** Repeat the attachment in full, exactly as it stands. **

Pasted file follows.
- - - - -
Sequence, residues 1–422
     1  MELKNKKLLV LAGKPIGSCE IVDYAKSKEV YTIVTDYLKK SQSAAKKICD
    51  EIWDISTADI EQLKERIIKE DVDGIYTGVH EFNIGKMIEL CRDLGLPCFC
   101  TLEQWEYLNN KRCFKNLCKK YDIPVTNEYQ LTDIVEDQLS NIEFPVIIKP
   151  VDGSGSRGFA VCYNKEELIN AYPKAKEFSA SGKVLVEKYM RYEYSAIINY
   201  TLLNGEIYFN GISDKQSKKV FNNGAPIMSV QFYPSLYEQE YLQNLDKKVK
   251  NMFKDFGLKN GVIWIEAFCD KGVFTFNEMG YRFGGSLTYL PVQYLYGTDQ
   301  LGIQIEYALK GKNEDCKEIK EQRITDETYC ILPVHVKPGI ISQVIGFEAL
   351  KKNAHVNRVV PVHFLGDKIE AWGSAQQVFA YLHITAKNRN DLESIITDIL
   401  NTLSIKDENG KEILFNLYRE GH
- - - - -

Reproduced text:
Sequence, residues 1–422
     1  MELKNKKLLV LAGKPIGSCE IVDYAKSKEV YTIVTDYLKK SQSAAKKICD
    51  EIWDISTADI EQLKERIIKE DVDGIYTGVH EFNIGKMIEL CRDLGLPCFC
   101  TLEQWEYLNN KRCFKNLCKK YDIPVTNEYQ LTDIVEDQLS NIEFPVIIKP
   151  VDGSGSRGFA VCYNKEELIN AYPKAKEFSA SGKVLVEKYM RYEYSAIINY
   201  TLLNGEIYFN GISDKQSKKV FNNGAPIMSV QFYPSLYEQE YLQNLDKKVK
   251  NMFKDFGLKN GVIWIEAFCD KGVFTFNEMG YRFGGSLTYL PVQYLYGTDQ
   301  LGIQIEYALK GKNEDCKEIK EQRITDETYC ILPVHVKPGI ISQVIGFEAL
   351  KKNAHVNRVV PVHFLGDKIE AWGSAQQVFA YLHITAKNRN DLESIITDIL
   401  NTLSIKDENG KEILFNLYRE GH